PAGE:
Just got back from Maryland on a seaduck shoot. We did real well the the first day, but had we had to earn the birds. Yesterday they were on the deck and in your face, we scratch out on scooters. Seen some real nice oldsquals, but the numbers arent down.
If you are an avid wing shooter, like I am and like shooting different species of ducks like I do. Then seaducks are the ticket, these scooters wear iron feathers.
Makes a great shoot in early duck season when things are slow, like this time of year.
You ask a good question. I sea duck hunt also and I can't answer for anyone else here but I'll do my best to make some sense for justifying sea duck hunting with a short answer. (By the way I'm not sure how this post will sound but I'm being sincere and not a "wise-ass")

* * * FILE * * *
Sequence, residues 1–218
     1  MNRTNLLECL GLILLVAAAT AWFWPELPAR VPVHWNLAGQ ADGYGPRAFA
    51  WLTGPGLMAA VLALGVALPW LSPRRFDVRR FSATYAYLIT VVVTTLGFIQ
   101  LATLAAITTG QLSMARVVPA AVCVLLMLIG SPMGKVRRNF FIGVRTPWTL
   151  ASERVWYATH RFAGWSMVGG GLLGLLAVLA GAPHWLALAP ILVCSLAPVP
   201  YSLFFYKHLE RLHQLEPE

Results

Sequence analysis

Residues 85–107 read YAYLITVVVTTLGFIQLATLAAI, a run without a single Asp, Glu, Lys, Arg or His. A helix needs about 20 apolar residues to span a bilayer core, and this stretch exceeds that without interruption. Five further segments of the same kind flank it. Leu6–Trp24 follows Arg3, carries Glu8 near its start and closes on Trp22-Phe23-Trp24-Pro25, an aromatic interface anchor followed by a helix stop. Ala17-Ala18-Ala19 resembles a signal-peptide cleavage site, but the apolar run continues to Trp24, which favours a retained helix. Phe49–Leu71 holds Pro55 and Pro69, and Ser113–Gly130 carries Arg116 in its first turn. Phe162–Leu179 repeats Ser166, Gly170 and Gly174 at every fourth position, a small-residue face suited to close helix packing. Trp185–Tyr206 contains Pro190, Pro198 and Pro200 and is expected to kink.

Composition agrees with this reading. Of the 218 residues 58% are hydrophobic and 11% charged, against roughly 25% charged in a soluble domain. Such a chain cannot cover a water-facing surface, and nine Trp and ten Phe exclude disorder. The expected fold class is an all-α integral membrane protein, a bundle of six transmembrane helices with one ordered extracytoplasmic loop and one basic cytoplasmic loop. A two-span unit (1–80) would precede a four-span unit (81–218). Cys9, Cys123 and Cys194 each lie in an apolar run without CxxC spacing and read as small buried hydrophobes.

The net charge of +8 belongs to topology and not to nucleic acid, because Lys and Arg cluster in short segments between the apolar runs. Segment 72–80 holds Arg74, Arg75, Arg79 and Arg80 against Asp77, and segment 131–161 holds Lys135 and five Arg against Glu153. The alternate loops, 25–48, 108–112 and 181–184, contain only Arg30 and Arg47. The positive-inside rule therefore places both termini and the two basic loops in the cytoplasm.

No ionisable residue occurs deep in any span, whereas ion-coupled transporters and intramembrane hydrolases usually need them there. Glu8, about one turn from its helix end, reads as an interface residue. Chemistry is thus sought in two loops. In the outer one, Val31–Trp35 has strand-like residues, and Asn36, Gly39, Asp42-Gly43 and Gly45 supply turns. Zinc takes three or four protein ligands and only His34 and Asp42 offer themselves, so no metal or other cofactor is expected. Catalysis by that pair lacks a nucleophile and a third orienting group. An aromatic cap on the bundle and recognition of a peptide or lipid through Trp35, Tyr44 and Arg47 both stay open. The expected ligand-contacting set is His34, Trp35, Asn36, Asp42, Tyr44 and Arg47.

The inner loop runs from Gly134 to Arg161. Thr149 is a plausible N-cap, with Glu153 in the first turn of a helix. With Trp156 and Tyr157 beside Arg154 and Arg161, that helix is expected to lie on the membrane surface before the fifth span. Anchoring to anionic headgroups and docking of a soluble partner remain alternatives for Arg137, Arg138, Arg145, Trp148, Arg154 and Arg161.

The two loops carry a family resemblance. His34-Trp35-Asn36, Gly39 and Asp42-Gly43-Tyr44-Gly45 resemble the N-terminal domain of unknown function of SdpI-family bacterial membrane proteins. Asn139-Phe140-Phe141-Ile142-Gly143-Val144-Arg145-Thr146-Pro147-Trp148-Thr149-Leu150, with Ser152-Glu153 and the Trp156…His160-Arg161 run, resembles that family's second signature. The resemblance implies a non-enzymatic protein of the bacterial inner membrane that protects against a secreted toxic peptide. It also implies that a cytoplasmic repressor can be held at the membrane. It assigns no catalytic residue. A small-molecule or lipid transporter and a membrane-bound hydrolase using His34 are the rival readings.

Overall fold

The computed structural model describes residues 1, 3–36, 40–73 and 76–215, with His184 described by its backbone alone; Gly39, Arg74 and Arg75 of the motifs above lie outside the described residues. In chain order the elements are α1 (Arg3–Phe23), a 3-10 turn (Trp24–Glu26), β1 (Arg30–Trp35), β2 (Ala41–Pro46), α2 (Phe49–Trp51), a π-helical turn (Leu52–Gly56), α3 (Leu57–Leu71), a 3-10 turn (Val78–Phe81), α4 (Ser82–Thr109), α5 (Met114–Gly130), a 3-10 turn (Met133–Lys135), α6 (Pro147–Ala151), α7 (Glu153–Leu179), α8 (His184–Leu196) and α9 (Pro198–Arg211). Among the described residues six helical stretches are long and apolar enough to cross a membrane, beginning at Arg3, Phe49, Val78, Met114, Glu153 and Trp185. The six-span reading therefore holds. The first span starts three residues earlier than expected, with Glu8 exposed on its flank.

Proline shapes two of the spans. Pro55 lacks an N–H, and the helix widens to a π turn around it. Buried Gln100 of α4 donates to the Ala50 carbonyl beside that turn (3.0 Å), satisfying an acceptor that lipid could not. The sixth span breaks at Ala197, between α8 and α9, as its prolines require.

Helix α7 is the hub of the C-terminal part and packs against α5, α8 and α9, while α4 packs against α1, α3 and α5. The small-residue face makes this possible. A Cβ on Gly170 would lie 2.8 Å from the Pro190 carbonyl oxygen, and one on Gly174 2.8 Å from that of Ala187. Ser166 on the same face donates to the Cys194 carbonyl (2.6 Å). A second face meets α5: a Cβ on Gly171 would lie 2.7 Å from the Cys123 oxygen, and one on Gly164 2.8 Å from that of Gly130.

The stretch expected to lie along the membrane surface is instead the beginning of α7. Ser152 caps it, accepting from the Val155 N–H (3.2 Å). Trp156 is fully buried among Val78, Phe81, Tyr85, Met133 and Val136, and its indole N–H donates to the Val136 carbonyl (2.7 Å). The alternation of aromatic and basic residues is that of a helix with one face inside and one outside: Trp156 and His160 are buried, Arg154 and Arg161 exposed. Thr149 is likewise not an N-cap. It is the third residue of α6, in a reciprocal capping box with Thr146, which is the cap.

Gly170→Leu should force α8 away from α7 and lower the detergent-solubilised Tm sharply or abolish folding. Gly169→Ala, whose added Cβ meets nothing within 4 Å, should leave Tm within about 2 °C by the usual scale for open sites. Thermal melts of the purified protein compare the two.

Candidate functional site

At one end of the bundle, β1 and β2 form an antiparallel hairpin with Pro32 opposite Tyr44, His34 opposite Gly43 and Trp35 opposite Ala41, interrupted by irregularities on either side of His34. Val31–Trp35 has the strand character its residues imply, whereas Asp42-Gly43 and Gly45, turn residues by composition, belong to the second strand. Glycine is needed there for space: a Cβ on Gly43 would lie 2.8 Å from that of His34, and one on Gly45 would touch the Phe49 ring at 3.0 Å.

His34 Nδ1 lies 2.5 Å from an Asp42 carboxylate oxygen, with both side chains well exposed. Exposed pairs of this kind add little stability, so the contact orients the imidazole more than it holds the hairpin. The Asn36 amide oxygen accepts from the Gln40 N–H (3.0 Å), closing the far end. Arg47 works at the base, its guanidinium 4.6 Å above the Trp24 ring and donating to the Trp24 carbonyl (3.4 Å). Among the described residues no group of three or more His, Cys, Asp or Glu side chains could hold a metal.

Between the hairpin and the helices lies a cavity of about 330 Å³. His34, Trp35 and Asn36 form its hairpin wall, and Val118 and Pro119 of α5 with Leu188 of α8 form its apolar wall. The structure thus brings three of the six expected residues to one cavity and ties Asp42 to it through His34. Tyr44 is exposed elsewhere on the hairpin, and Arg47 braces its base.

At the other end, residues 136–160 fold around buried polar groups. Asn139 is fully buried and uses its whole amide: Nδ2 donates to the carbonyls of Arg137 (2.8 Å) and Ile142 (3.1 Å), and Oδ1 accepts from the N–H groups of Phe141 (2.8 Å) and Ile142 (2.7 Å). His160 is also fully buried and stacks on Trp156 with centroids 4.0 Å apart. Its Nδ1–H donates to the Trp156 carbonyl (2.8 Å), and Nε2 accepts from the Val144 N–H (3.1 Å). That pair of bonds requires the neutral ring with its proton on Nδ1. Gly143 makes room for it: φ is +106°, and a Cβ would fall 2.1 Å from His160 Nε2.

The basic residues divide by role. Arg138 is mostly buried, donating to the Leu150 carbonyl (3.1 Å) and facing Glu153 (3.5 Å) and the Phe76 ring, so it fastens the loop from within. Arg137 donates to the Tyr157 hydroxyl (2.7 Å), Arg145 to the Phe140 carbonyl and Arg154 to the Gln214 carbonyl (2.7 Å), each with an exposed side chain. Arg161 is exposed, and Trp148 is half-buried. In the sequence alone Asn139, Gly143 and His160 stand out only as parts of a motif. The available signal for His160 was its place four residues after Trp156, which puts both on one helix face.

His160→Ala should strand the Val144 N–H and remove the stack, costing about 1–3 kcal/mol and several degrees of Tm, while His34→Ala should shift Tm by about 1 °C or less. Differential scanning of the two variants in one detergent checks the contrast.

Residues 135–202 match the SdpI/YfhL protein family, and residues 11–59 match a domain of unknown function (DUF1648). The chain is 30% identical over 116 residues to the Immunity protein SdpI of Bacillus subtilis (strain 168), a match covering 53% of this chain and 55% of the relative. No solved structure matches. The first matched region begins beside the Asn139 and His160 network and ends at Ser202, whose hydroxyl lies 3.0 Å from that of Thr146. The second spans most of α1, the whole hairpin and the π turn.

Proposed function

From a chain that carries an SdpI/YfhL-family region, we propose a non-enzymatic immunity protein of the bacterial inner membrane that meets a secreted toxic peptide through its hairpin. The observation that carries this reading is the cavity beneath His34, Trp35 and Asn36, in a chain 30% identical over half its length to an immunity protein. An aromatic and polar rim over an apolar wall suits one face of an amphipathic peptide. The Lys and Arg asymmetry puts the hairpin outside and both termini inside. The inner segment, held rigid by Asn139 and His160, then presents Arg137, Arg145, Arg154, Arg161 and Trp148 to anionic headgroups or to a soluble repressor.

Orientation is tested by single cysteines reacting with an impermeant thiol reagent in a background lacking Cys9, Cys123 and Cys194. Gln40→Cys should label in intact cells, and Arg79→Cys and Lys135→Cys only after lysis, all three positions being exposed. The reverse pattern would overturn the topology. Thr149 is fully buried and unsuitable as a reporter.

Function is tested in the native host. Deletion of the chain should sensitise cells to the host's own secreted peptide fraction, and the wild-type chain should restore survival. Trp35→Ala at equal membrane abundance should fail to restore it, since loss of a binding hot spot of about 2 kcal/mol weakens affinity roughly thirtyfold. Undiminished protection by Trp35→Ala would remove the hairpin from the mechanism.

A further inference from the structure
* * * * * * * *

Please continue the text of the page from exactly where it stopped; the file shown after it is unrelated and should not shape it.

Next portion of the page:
As you know hunting is a priviledge (not a right guaranteed by the constitution). One of the reasons that we are allowed this priviledge in order to assist our government in meeting its game management objectives (keep a balance in wildlife populations).
So, for me anyway, sea duck hunting is a sport with a lot of action (ducks fly by the spread quickly and often) and sea duck hunters help to keep the population of sea ducks in balance. That's the best rationale I can provide since I don't often eat the sea ducks.
What I do with the sea ducks that I don't eat is place them in the woods of my back yard. There are animals (fox, hawks, racoons, etc...) that will eat them. Since all living things survive by energy transfer (one living organism eats another living organism for energy in order to survive) another way that I justify my hunting sea ducks and not eating them is that the ducks are not wasted but are eaten by other "living organisms" for their survival. Whether I eat them for my well-being or "energy" or another living thing eats them for their well-being or "energy" I don't think makes much of a difference.
That's my rationale. I hope it helped answer your question.